Once upon a time, when my daughter was about ten, I took her to see Nicki Minaj at the Paramount Theater in Oakland. “Starships” was a hit that year and she loved that song, but even then some might have said this was an inappropriate concert for a pre-teen. I did not care. In my world, ‘what was your first concert?’ is a standard line of party chat, and I wanted to ensure that she had a good answer. The Paramount is a beautiful venue, easy to get to and lovely inside. Besides, I wanted to see Nicki Minaj myself.
Fast forward six years and she and I are on our way to see Lupe Fiasco at the UC Theater in Berkeley, having another mother/daughter moment. Lupe is one of those rare artists who sit in the middle circle of our Venn Diagram of the Beloved, and I wanted to take advantage of that before my daughter drifts away into boyfriend-land, where I am no longer welcome. She loves Lupe because his songs remind her of her childhood. I love him because of his political edge. Also, once I was showing “Bitch Bad” in my Race and Ethnicity class and one of my students tweeted him and he tweeted us back. He said, “Thanks, USF!” It was practically my favorite moment in teaching – barring the time we showed “Paradise Lost: the West Memphis 3” and Jason Baldwin walked into the classroom at the end.
But back to the future! At first I thought this evening was going to be a bust. In my experience, rap shows can be really boring, with the artist kind of marching around on stage as if in a boxing ring, waving the mic around, and not doing much else. Plus, UC Theater, which I had never been to, turns out to be like one big huge bar. (Five bars, actually, and the one on the main floor is an especial drag.)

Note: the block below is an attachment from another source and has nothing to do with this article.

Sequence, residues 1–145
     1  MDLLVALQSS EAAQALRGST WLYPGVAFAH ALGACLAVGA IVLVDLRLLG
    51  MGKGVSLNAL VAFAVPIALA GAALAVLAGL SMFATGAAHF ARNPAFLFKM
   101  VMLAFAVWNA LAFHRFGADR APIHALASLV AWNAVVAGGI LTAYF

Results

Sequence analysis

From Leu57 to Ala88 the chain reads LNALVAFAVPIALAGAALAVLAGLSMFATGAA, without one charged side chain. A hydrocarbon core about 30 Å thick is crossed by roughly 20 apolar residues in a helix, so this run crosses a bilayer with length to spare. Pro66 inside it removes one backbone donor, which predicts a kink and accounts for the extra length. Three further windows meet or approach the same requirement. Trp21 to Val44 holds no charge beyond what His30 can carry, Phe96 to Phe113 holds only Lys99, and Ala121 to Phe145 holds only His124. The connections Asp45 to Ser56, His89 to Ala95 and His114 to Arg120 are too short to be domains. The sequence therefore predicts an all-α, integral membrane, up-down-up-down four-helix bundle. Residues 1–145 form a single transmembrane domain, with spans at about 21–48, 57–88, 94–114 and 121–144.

But then, Lupe came on and all was right with the world. I am certainly accustomed to hearing very bad opening acts followed by very good headliners, but surely the talent-gap between the openers and Lupe Fiasco was the largest one I have ever experienced. On the night of Dec. 15th, he played for two full hours and was amazing throughout, through hits and non-hits, slam poems and off the cuff remarks, shoutouts to local charities (“let’s do this Occupy style – you yell the information, I’ll repeat it!”), covers of Kanye (“Touch The Sky”), shout outs to his d-jay and songs from the new record, “Drogas Light,” his first on his own (non-major) label.
Caitlin and I looked at each other, self-consciously, and laughed sheepishly. We were indeed an island of white excitement during that song, no lie. But what can you do? I don’t think he meant it venomously, it’s just a fact that, if you’re people like us, that’s what you’re going to hear. “Battle Scars,” “The Show Goes On,” (which samples Modest Mouse), “Paris/Tokyo”… in part because I am white, and in part because I am a mere dabbler in cutting edge rap (and those two things aren’t necessarily linked), these are the songs I associate with him with, though of course he has a much richer and deeper catalog that everyone else in the room knew far better than me. But that’s how it should be. Anyway, the reason to go to rap shows, even when you’re old and haggard, is that it’s the last place on earth where everyone in the audience is still hooked into the music as they should be. It takes me back to seeing Husker Du and howling out every word in unison with the crowd.